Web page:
Speed & Smarts: Tips: Boatspeed

Mar 6, 2024

Change gears – early and often!
When the wind or sea conditions change, as they always do, you must promptly make corresponding changes to your boat and sails by ‘changing gears.’ This process is critical for maintaining good speed over the course of a race. The fastest sailors are skillful at sensing changes in the wind and waves, and they shift gears a lot (and sooner) compared to less-fast racers. When you need to change gears, there are many possible adjustments you can make. But many of those are difficult to make or they don’t have much effect. It’s better to focus on things that are easy and quick to adjust and have a significant impact on performance (like mainsheet, jib sheet and backstay).

Be fast right after the start.
A big priority when setting up your boat before the start is to optimize your sails and tuning for the first few minutes after the start. When you come off the line, you want to sail your boat at its absolute fastest so you can poke out in front of the pack. So, set up for the wind you have at the start, even if you expect it to change later in the leg. If the wind does change, it’s usually better to be leading the fleet with the wrong set-up than back in the pack with perfect sail trim.

Use your sheets to change gears.
The best way to change gears quickly, easily, and substantially is with your mainsheet (and/or jib sheet). A simple trim or ease affects the attitude of your entire sailplan. So, this should usually be your first move.

Don’t cleat the sheet!
When you are changing gears a lot, try not to cleat your mainsheet. This line gives you a good feel of the boat’s pulse, and it’s the quickest way to make small changes to keep the boat going fast. When you cleat it, you lose that feel and delay your response to any changes in the wind and waves. Of course, when it’s windy the helmsperson may need help holding the sheet, or you may have to put it around a winch. Just try not to use a cleat.

Power up before you hit waves.
When you’re sailing in waves, it’s important to make sure your boat is powered up and going fast when you hit the bad ones. Anticipation is key. The secret to maintaining speed through a bad wave set is shifting gears before you get to those waves. That means you need enough warning to power up your sail plan before the bow digs into the first wave. As soon as you see a bad wave coming, make sure everyone knows. Then ease sheets, bear the boat off for speed, lean your crew weight aft and hold the rudder straight.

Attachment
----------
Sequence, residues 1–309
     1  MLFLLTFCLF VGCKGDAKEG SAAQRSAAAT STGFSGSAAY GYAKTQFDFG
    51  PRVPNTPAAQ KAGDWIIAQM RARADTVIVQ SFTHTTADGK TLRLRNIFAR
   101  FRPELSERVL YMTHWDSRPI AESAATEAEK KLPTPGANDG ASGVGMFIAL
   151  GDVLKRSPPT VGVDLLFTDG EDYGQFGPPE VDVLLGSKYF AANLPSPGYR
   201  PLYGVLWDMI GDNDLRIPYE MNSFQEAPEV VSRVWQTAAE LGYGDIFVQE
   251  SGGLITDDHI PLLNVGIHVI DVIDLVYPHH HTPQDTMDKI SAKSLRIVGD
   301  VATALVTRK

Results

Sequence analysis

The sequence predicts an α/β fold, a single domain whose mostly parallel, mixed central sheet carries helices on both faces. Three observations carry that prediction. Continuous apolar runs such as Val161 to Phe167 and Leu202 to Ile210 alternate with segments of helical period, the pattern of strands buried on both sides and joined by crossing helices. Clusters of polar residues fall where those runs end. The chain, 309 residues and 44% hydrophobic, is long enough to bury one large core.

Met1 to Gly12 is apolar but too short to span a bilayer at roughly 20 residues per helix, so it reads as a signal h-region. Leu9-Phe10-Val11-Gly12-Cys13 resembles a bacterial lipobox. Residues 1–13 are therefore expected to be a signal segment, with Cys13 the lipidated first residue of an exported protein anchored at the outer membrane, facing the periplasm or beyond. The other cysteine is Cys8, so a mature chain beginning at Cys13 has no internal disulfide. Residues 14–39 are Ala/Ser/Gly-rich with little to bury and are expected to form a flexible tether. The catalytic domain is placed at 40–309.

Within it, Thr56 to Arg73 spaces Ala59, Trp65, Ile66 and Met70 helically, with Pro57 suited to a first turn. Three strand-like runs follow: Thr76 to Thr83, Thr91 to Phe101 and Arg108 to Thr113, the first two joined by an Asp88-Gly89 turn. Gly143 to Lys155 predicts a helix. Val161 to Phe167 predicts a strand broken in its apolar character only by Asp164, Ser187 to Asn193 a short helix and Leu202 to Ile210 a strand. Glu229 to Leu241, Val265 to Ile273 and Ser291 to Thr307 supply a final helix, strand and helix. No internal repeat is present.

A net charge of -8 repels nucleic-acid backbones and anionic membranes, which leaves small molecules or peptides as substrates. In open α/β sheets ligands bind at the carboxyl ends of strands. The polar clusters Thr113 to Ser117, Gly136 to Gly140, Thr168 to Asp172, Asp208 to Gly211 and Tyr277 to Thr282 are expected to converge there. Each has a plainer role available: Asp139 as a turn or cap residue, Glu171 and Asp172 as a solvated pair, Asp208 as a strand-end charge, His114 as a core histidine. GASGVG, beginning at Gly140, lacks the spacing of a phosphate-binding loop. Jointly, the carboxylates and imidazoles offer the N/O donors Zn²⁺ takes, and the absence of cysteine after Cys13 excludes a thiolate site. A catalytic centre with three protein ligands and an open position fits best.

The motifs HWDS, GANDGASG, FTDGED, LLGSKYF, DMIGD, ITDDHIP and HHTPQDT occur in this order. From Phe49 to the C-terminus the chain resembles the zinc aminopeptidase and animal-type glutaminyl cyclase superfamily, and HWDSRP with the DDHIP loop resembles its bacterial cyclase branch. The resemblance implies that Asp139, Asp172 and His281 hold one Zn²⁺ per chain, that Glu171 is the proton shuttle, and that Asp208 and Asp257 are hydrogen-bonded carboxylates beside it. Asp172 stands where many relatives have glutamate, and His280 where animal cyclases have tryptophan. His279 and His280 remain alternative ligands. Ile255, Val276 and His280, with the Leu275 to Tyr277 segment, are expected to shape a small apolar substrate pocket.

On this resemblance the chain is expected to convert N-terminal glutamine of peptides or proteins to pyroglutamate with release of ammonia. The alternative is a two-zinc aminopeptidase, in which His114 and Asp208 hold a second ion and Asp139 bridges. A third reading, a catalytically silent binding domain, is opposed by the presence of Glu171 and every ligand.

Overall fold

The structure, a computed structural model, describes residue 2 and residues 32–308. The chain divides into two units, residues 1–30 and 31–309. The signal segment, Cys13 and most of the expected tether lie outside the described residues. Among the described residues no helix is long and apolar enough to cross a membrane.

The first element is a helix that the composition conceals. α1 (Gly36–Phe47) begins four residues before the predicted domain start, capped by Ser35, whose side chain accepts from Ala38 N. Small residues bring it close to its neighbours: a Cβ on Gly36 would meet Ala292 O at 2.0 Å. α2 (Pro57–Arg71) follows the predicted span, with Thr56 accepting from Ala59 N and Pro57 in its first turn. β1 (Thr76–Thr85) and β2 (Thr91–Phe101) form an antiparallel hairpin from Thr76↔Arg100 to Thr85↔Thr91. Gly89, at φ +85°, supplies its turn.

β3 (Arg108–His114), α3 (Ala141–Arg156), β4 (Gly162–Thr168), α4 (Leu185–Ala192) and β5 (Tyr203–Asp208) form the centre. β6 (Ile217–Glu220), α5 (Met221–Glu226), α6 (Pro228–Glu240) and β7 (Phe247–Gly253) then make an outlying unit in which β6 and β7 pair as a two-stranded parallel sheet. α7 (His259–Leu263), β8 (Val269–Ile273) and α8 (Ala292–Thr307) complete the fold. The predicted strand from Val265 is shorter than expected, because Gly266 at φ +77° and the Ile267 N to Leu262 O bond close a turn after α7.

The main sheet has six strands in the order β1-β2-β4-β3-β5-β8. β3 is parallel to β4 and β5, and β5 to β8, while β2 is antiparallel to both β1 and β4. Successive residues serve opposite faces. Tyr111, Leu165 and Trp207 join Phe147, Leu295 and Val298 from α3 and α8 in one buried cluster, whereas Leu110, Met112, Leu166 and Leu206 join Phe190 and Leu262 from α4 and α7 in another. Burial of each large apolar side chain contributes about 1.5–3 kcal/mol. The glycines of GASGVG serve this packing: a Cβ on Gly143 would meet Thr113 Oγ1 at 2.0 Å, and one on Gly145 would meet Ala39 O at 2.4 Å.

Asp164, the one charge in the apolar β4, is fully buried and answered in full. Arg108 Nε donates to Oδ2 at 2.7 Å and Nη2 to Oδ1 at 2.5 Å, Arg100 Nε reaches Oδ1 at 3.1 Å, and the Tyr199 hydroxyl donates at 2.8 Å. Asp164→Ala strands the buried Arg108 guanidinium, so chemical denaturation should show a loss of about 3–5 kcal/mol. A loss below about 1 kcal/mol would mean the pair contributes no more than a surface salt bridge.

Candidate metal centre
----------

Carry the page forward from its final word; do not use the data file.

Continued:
Minimize rudder movement.
Steering a lot with your rudder is generally slow (on any point of sail) because it creates unnecessary drag and turbulence. Even when you’re sailing upwind in waves, less steering is usually better. Of course, it can be very helpful to make subtle course adjustments to miss the worst waves. But once you are about to hit the first bad wave, it’s usually best to lock your rudder in the center until you’re through the worst of it. When you’re pounding in waves, the last thing you need is extra drag from a moving rudder.

Are the waves symmetric?
The waves are usually perpendicular to the wind and therefore the same on each tack, but this is not always the case. A wind shift, cross-current or distant storm can create waves that are asymmetrical. The first step is recognizing when this is the case and the second is to trim your sails and boat different as necessary from tack to tack. For example, the wavy tack requires more power and twist in the sails and you can’t point as high as on the smoother tack.

More waves than wind?
With any wind speed, there is a certain size and shape of waves that you expect to see. But sometimes you get more waves than wind (e.g. a dying breeze), or more wind than waves (e.g. a building breeze). It’s important to know what you have so you can make the appropriate trim changes. With more wind than waves, for example, you can trim hard and point high. But when you have more waves than wind, you need speed rather than pointing.

SinC Dave Dellenbaugh 400

Dave Dellenbaugh is the publisher, editor and author of Speed & Smarts, the racing newsletter. He was the tactician and starting helmsman on America3 during her successful defense of the America’s Cup in 1992 and sailed in three other America’s Cup campaigns from 1986 to 2007. David is also two-time winner of the Canada’s Cup, a Lightning world champion, two-time Congressional Cup winner, seven-time Thistle national champion, three-time Prince of Wales U.S. match racing champion and past winner of the U.S. Team Racing Championship for the Hinman Trophy. He is currently a member of the US Sailing Racing Rules Committee (and was its chairman from 2005-2008).

You can subscribe to the Speed & Smarts newsletter HERE

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